Sonoma County Office of Education

Technology for Learners

Healdsburg High School’s Computer Science Program

Author: Rick Phelan
Published: 10.21.14

Computer SciencePreparing students to be college- and career-ready with 21st century skills is a major focus for high schools. One way that Healdsburg High School is addressing this goal is through computer science courses taught by Mike Efram. This blog post spotlights Healdsburg High’s computer science opportunities and how Mike Efram has found success with students.

At Healdsburg High, computer science classes embrace problem solving, hardware, algorithms, and perspectives that help people utilize technology to address real-world problems in modern life. The classes underscore the importance of appropriate communication skills and how to work as an effective team member. Three course offerings are available.

  • Exploring Computer Science
    Exploring Computer Science is a year-long elective class that involves students in projects that include web design, programming, data analysis, and robotics. The design of the course was inspired from materials at Exploring Computer Science. The class scaffolds learning for the next level class, AP Computer Science.
  • AP Computer Science
    AP Computer Science is a year-long course that includes object-oriented program design, program analysis (e.g., testing, debugging), data structures, and computing in context. With the AP categorization, this course denotes college-level course work and expectations.
  • Advanced Computer Science Projects
    Advanced Computer Science Projects encourages students to continue their pursuit of computer science learning through individualized projects. Students have created programs for school and community needs (e.g., bicycling travel app, volleyball scoring program). Current projects involve Android app development.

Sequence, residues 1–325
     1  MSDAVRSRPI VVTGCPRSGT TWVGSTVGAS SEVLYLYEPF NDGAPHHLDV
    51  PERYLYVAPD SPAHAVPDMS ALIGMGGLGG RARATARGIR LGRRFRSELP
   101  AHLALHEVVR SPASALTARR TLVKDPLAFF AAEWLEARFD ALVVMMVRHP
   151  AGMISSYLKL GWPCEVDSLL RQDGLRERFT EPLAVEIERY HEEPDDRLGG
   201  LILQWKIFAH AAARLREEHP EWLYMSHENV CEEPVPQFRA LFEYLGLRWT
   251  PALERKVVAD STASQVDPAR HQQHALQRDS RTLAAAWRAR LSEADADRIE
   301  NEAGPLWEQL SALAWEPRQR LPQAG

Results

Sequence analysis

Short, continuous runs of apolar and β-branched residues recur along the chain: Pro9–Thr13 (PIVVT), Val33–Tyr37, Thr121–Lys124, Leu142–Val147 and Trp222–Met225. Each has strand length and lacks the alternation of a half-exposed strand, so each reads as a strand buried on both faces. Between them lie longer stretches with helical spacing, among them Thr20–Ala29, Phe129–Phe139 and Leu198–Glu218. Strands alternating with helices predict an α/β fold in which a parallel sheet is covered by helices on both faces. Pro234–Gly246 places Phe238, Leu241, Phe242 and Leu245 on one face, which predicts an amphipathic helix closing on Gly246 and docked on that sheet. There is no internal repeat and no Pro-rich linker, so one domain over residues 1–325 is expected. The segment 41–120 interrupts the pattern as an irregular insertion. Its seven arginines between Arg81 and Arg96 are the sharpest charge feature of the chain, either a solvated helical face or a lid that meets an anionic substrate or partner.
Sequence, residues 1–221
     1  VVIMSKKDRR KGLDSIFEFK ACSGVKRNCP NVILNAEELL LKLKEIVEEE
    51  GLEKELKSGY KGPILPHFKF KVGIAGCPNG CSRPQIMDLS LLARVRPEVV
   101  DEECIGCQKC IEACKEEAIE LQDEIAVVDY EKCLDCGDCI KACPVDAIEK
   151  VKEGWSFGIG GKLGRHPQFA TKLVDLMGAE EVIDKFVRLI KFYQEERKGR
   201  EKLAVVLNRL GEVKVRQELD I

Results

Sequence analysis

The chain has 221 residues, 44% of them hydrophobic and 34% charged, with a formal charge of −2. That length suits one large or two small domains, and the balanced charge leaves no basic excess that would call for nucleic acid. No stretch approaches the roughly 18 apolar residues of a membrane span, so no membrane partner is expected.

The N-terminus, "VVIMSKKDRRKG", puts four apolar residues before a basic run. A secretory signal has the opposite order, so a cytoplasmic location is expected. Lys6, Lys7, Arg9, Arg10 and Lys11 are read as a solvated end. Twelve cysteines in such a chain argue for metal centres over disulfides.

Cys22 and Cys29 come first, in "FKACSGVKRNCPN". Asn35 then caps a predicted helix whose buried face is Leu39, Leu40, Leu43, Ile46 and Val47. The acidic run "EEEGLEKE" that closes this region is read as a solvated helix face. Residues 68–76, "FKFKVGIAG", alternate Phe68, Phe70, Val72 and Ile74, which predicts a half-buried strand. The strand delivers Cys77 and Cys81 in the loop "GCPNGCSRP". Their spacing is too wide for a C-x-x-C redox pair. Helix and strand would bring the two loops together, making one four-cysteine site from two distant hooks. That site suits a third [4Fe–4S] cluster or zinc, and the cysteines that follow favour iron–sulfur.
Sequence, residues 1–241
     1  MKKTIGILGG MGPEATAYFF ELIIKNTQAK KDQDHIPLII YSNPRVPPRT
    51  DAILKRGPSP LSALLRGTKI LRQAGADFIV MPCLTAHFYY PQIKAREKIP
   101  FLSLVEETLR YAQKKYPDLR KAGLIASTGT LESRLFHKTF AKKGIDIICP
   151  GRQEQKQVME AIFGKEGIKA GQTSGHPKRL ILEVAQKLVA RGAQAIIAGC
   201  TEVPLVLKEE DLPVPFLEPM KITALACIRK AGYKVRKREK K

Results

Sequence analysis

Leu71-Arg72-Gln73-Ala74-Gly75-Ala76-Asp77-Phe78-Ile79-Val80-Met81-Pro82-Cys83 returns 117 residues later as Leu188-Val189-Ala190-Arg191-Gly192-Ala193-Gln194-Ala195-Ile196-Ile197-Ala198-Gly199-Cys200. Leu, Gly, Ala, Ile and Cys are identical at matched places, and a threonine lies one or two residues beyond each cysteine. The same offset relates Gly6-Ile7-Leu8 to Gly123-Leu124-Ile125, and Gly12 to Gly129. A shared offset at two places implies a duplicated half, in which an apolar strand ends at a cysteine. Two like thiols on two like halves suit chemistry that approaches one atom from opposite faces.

Computer science teacher Mike Efram has been on the Healdsburg High faculty for ten years. He has a credential in mathematics and worked as an engineer prior to becoming a teacher. Mike believes that the school’s computer science classes help address issues of equity and access for all students in the Healdsburg community.

Mike blends English language arts, mathematics, and Next Generation Science Standards into his work with students. He believes that students in his computer science classes effectively build skills and abilities to:

  • Read closely
  • Take apart problem questions
  • Think broadly and anticipate next steps
  • Think outside of the box and not be afraid of making mistakes

Each year, 40 to 90 students participate in his computer science classes—and more students are enrolling now because of a new seven-period schedule. Mike estimates that at least 10 Healdsburg High graduates go on to post-secondary learning opportunities in computer science each year.

Student Success Story: Jordan Vega

Healdsburg High School graduate Jordan Vega was inspired through Mike Efram’s computer science classes. In spring 2013, Jordan was one of 600 graduating high school seniors to apply to Google’s Computer Science Summer Institute—and he was one of only 60 accepted into the program. He spent the last three weeks of summer 2013 taking classes on Google’s Boston campus and staying at the nearby Massachusetts Institute of Technology (MIT).

After that experience, Jordan went on to University of Redlands where he attends a 3+2 engineering program. Last summer, he and four other Healdsburg High graduates initiated CodeTech! to give back to the Healdsburg community. They held a two-week activity where they taught middle school students the basics of coding. Twenty-five students took advantage of this opportunity. Plans for more CodeTech! activities are in the works.

 



Blog: Technology for Learners